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J. Money – Break Free From the Crowd to Make Better Financial Decisions
15th March 2021 • My Worst Investment Ever Podcast • Andrew Stotz
00:00:00 00:33:51

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BIO: J. Money is an award-winning personal finance blogger. He’s founded several popular projects over the past decade, including Budgets Are Sexy and Rockstar Finance.

STORY: J went looking for a 2-bedroom apartment to rent in 2007. He got lost and ended up buying a $350,000 house on a whim 48 hours later, with no idea of what he was getting into. A few months later, the property market went bust, so he could not sell his house. J has always been a drifter and buying a house that he could not sell saw him get stuck in a place he did not enjoy living in for seven years.

LEARNING: Do not do things just because others are doing it; try to shape your lifestyle according to your dreams. You could make more money by being a renter than a homeowner because there is no guarantee you’ll sell the house for a profit.


“There is no shame in renting. Take your money and invest it in the stock market.”

J. Money


Guest profile

J. Money is an award-winning personal finance blogger, a daddy of 3, and mega-fan of the Personal Finance space online. He’s founded a number of popular projects over the past decade, including Budgets Are Sexy and Rockstar Finance, and is now curating the best articles from around the community at All-Star Money—a project in partnership with The Motley Fool. You can find his entire story here.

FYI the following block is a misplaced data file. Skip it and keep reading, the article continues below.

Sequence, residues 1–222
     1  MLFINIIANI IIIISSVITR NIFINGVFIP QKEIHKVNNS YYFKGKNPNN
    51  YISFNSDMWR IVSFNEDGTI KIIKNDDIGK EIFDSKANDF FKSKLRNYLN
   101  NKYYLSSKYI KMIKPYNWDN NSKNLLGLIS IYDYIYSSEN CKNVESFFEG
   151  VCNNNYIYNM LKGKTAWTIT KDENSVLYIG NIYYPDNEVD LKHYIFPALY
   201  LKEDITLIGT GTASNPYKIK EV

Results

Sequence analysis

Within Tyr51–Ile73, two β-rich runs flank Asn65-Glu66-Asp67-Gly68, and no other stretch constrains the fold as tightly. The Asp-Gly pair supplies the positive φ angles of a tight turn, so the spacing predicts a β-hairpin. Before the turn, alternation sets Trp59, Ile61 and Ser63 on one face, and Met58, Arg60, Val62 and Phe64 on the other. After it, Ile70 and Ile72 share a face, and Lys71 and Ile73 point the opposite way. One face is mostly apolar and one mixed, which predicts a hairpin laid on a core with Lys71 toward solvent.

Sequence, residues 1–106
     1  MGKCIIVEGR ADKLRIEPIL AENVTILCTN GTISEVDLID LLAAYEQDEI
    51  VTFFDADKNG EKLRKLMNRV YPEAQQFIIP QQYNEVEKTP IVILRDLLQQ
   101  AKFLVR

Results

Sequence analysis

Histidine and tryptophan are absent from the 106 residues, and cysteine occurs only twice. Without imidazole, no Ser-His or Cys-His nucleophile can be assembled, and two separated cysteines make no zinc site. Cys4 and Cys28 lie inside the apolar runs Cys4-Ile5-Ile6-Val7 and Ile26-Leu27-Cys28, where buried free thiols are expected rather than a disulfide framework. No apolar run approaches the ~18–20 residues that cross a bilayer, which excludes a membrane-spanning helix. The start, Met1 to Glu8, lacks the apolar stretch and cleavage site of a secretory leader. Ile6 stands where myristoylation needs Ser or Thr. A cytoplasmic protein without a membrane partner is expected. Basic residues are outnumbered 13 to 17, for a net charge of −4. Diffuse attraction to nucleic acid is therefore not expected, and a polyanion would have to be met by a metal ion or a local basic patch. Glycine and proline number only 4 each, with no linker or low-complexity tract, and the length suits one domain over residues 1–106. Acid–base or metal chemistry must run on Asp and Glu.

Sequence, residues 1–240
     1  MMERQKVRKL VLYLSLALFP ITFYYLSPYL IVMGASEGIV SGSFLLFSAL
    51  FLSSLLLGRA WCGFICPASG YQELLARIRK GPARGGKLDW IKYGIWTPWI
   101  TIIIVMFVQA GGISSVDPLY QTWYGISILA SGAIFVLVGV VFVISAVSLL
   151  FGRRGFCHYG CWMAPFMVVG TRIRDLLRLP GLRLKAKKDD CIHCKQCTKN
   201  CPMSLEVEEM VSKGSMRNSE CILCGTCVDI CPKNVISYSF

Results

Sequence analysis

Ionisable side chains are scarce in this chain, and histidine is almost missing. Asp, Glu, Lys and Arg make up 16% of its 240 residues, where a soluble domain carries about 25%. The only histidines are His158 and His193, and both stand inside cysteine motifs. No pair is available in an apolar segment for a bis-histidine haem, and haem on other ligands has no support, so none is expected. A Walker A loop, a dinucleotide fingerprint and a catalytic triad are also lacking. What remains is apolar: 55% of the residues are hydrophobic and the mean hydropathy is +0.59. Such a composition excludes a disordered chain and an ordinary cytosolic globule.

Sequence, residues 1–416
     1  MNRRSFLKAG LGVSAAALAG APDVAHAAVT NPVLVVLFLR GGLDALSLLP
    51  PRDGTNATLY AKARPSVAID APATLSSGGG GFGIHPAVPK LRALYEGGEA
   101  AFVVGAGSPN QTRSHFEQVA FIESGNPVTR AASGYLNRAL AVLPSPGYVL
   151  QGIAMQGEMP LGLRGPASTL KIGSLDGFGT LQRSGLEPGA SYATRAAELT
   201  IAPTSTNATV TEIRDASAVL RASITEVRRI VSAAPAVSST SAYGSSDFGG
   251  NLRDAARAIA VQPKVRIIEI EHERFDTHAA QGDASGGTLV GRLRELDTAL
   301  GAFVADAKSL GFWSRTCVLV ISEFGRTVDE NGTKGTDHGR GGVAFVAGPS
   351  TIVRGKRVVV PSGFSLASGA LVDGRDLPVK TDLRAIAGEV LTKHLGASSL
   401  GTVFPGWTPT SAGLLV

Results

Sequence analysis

Worst investment ever

When J got engaged, he felt that the next thing on his life’s checklist was buying a home. But at first, they decided to rent a one or two-bedroomed house.

Finding a home by sheer accident

One day, as the couple was apartment hunting, they got lost after taking a wrong turn. They stumbled across a townhouse that was for sale. They thought it was a nice-looking townhouse, and they decided to call the realtor just for the fun of it.

The realtor confirmed that it was for sale and invited them to go inside and take a look. They told the realtor that they were planning on renting. The realtor convinced them that renting was just a waste of their money, and for only $200 more, they could own a house.

But my friends are homeowners

As the realtor tried to convince them to buy, J thought everyone, including his friends and family, was a homeowner. And at that point, he knew a house is an asset. All these thoughts convinced him to buy the house for $350,000 within 48 hours.

The decision to buy the house was entirely on a whim. They did no research or weighed their options thoroughly. They just saw a house that they liked, and it was well priced, so they bought it even though that was not their initial plan.

The bubble goes bust

While J felt that he had made a rash decision, he comforted himself with the fact that he had bought the house when the market was down, and maybe he would sell once it goes up.

Unfortunately, the market kept going down. Then the 2008 financial crisis happened and crashed the property market altogether. Now J could not sell the house.